Still the main point my professor friend made was that Islam is beautiful when practiced correctly and that it is very difficult to imagine what it would take for the entire Muslims world to be transformed.

The first night of the series, Farroq Kathwari (CEO Ethan Allen) said that the first task of the Muslim world is to re-educate its own people. While the west is culpable in creating social and economic conditions that have made these countries continue to be "one down" in their global status, the onus for reshaping how Islam is understood and practiced is on Muslims. Additionally, the stereotypes that the Muslims have of the west are just as inaccurate as ours are of them. I appreciated his saying this outright.

Karen did not say outright that we are responsible for the problems of interpretation of the faith among Muslims, but she did make a strong connection between our history of colonialism and economic exploitation of the region that have created corrupt governments that have then perpetuated wrong thinking about the faith itself, which then is reinforced by western prejudice and foreign policy that causes fundamentalism or militantism to be attractive interpretations of the faith. This nuance made some sense to me and I'm glad she gave it.

Finally (wow, this is getting too long), I think what came home to me last night was that perhaps what precedes real change is changed expectations. If we begin with the idea that Islam is not a religion of violence and we stop fighting a "war on Islam" itself, perhaps we will begin to foster and support those expressioins that are more moderate and that can have some kind of ripple effect.

I'm more convinced than ever, though, that I'll be long dead before we see a drastic change in how the faith is understood and applied around the globe.

But change can begin with me, as they said in the sixties. :)

Chuck said...

Thanks, Julie, for the details of Armstrong's presentation. I wish I could have been there. I really enjoyed reading "The History of God" a few years back. I need to dig in to some of her other books. Is there a Xavier web site that posts info on such events? I already had Tuesday night booked by the time I heard about the talk.

Her observations about using rituals and disciplines for maintaining health is interesting - I've heard some similar angles regarding the detailed regulations in the Torah. One person went as far as to say that with mankind in a "young" stage, God needed to provide these rules and regulations for their own protection. Not sure I buy that one :-) Also, it seems that at some stage the original reasons for a particular practice may no longer be valid, and it is time for a faith to reshape it's traditions.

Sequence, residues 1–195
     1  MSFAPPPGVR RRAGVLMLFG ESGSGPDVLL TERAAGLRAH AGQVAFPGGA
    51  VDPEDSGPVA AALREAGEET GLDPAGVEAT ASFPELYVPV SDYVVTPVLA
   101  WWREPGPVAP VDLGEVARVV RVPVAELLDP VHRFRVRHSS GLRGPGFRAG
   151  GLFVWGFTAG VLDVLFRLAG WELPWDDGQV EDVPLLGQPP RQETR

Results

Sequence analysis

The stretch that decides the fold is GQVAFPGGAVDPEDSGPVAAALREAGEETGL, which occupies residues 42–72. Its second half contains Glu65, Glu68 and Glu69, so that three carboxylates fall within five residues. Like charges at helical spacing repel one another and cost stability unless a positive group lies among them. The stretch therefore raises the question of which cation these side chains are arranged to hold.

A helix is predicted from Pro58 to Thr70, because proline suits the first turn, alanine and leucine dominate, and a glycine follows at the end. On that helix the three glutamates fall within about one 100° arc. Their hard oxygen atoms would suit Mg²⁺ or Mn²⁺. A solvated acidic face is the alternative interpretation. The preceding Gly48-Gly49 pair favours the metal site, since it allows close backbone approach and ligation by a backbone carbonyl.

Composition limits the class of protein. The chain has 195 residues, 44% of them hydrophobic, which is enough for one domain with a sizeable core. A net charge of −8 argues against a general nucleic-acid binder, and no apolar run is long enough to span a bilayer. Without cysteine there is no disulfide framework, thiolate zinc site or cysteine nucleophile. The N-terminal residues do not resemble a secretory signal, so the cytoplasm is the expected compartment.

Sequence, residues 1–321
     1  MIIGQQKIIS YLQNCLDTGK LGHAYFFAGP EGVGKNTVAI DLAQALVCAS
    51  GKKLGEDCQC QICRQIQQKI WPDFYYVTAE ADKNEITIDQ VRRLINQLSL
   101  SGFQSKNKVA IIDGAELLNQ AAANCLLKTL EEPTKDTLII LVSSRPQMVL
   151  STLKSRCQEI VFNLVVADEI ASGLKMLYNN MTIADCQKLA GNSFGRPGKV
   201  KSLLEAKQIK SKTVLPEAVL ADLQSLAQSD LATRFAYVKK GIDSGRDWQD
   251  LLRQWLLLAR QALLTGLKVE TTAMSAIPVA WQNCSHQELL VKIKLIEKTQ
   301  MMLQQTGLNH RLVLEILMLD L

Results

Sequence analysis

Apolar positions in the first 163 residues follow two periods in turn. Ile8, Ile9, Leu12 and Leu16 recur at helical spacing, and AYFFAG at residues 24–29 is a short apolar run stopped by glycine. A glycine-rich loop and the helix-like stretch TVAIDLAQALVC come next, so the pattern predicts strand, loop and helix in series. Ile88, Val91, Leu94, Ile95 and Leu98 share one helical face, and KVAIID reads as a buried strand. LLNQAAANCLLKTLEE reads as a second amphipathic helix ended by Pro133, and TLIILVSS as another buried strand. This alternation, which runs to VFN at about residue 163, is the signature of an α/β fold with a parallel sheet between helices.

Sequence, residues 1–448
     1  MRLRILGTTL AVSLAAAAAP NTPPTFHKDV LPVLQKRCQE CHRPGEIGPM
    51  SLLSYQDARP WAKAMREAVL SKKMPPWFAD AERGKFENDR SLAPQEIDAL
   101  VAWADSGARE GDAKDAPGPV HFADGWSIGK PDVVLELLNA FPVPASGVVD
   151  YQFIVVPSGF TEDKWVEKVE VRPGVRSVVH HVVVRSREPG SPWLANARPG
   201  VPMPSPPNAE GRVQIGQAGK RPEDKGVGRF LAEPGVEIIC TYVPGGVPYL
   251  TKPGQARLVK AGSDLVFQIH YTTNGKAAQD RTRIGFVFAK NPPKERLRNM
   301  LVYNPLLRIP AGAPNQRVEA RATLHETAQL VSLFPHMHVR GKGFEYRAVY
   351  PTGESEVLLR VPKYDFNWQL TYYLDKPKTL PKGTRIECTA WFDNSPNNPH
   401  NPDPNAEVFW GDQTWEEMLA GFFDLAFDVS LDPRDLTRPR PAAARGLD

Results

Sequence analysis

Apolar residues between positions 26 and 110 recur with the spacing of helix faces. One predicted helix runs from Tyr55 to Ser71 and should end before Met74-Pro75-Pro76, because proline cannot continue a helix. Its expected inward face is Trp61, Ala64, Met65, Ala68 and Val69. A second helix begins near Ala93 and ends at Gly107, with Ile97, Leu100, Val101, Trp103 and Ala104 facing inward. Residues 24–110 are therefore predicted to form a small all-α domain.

I know what you mean about trying to quit religion/spirituality and not being able to - kind of like flypaper sometimes.

Sounds like the issue of transformation within Islam has some parallels with the need for transformation within Christianity. And I agree that religious and personal freedoms and freedom from privation play huge roles in the shape that faith takes on.

Any idea what characterizes your professor friend's "truer version of Islam".

Christine said...

Hello, Julie, a fellow Cincy-ite here, I found your blog by link hopping.

I belong to a contemplative prayer group that is largely nuns, and a few of them went to hear Karen speak (I was at Bart Campolo's discussion group, if this occurred on Tuesday night).

The nuns talked in our prayer group about the similarities between religions, but in illustrating this with the use of prayer beads in Catholism and other religions, I feel they hit on a chink in the theory ~ I'm Protestant, and do not use beads when I pray. Nor do the Jews that I know.

What about us? Are we to be left out of the world's religions unifying, if we don't buckle down and produce beads for prayer?

It tends to be a trait among religions and religious thought to segregate and divide without perhaps realizing they're doing so. Which is what Jesus meant, I suppose, when he mentioned that he would end up pitching brother against brother.

Anyway, good blog. Thanks for sharing.

australisa said...

Speaking for the Internet (because I love it so!), we forgive you. :-)

<<< When we had our cheese and crackers, I wondered aloud to our professor friend how it is that a billion Muslims don't "get it" about Islam while the professors and academic community of the west seem to see it in a much more favorable light. >>>

Could it be similar to why the majority of Christians in the west didn't/don't get it from Constantine to the present day?

<<< He said what I've heard others say - that reformation of Islam will come from the west, not from the east. There is a famous quote (I forget by whom) that says that you will find Islam in Paris but no Muslims while you will find Muslims in Cairo but no Islam. >>>

Does Christianity need the east, too? I don't mean to divert attention from Islam but I see a connection here.

Do Christians need to look to the east to find these sorts of practices that shape the soul? Is there a balance that is missing in both the east and the west?

<<< The point is that practice of the faith in the host countries where faith is the institutionalized law of the land seems to be less accurately perceived and practiced than it is in the west where it is a minority faith. >>>

Hmmmm, why does being the majority (power) become the death of true religion?

<<< This begs the question: what about the west fosters a truer version of Islam? And of course we can see immediately that part of it is being in countries where there is freedom of religion, freedom of the press, speech, widespread education (of men and women) as well as freedom from privation (being poor undermines much in life and creates a hardship mentality in relation to the powers of the country - so if religion and state are married, it's easier to see both as at fault).

Still the main point my professor friend made was that Islam is beautiful when practiced correctly >>>

Where is Islam most beautiful? Where is Christianity most beautiful? What circumstances nourish this true beauty?

Forgive me if I am taking this in a different direction than you were intending...